The site of Illescas (Toledo) is responsible for manufacturing the components of the empennage and aft fuselage for all Airbus aircraft versions and for the Eurofighter. The A350 wing’s lower cover – the largest carbon fibre single component on this aircraft – is also produced at the site.
Final assembly and functional testing of the A380 horizontal stabiliser is completed at Puerto Real. The plant also produces the horizontal stabiliser’s lateral boxes for the A350 XWB and A330 families, and elevators for the A320 family, among components.
Airbus Helicopters employs more than 500 people in the cities of Albacete and Getafe, where rotary-wing aircraft are designed, developed and integrated, as well as flight tested and certified. Final assembly of Tiger attack helicopter and multi-role NH90 military rotorcraft are performed in Spain, along with sub-assembly production for tailbooms on the Tiger and H135 light utility helicopter, and the NH90’s forward fuselage.
Airbus’ defence and space activities combined employ the greatest share of the company’s Spanish workforce, with close to 7,700 employees spread across five sites. The San Pablo and Tablada sites, located in the Seville area, serve as the epicentre of Airbus’ military transport business – with final assembly lines for the four-engine turboprop-powered A400M airlifter and twin-turboprop C295 and CN235 transports.
Getafe is the home to the A330 MRTT conversion centre, where the refuelling systems and military avionics are installed on the Airbus’ A330 jetliners in their transformation to the Multi Role Tanker Transport version. Airbus undertakes parts manufacturing and the assembly for the Eurofighter also at the Getafe site. It was therefore no surprise to see examples of the A400M, CN235, C295 and also a rare example of an A310 MRTT Flying Testbed version in the static park of the event.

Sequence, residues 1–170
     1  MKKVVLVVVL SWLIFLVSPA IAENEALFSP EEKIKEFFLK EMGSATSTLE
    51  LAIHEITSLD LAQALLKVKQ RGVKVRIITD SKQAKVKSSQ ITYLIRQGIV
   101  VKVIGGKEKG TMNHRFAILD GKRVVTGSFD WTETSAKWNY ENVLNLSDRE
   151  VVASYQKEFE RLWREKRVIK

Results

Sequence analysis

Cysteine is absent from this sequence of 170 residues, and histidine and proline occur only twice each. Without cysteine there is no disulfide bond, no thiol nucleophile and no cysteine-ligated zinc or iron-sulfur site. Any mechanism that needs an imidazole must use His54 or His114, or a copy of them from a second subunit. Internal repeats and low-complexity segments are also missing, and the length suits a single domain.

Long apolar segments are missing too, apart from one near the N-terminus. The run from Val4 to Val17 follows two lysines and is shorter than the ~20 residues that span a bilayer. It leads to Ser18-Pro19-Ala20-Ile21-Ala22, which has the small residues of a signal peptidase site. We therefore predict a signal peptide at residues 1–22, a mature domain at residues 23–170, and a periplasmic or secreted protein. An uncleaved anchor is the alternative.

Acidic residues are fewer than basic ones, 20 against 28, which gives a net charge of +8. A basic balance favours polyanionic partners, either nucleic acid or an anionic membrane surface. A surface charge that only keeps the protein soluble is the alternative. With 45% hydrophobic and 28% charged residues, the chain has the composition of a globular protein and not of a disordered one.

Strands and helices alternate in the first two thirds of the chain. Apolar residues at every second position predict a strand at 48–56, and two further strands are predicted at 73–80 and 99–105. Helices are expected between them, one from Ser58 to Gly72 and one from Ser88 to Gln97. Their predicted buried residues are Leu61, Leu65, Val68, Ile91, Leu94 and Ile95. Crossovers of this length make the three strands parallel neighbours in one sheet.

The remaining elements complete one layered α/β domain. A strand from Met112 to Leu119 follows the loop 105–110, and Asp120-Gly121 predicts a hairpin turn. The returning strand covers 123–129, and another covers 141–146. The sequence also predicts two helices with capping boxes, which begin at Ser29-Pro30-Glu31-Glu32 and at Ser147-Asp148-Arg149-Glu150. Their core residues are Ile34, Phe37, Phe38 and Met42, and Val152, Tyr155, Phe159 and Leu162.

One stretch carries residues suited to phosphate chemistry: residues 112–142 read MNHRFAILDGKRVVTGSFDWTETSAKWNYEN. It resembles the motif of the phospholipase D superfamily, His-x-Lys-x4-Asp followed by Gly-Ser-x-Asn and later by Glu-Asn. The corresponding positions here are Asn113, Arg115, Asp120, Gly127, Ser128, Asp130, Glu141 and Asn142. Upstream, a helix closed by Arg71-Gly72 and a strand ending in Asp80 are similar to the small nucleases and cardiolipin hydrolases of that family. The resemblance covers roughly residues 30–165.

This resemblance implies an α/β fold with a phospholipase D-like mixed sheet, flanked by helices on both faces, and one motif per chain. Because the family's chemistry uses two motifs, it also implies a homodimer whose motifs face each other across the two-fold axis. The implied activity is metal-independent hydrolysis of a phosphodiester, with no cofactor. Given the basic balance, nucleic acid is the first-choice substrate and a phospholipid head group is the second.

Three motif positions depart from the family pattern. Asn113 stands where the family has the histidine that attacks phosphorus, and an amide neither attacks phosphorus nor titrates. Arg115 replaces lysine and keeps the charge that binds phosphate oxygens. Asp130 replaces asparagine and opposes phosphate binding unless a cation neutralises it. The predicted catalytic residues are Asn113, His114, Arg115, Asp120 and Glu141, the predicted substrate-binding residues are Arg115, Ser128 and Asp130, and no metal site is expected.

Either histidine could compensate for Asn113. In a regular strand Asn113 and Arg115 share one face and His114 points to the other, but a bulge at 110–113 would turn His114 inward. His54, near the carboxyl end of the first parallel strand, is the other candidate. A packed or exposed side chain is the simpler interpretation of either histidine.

The Spanish Guardia Civil (Civil Guard) was also present at the event with a fixed wing aircraft and a rotary aircraft. This was a very welcome addition to the static park of the event as these types are rarely seen. The Guardia Civil operates as a Gendarmerie with both civil and military functions, in a similar manner to the French Gendarmerie and Italian Carabinieri. In peacetime the organisation operates under the Ministry of the Interior, but in wartime control passes to the Ministry of Defence. The current aircraft inventory of the Guardia Civil includes:
- MBB BO-105CB
- CASA/IPTN CN-235 MPA
- Eurocopter EC-135P-2+
- Eurocopter AS-365N3 Dauphin
- Tecnam P-2006T
The current responsibilities of the Guardia Civil include: highway patrol, VIP protection, anti-smuggling and counter-narcotics operations, customs and border security, search and rescue, rural policing and coast guard duties. Civil Guard helicopters are maintained by the Army on behalf of the Civil Guard. The future plans of the Guardia Civil include the replacement of the Bo 105 helicopters in favour of the EC 135, as well as establish new helicopter units.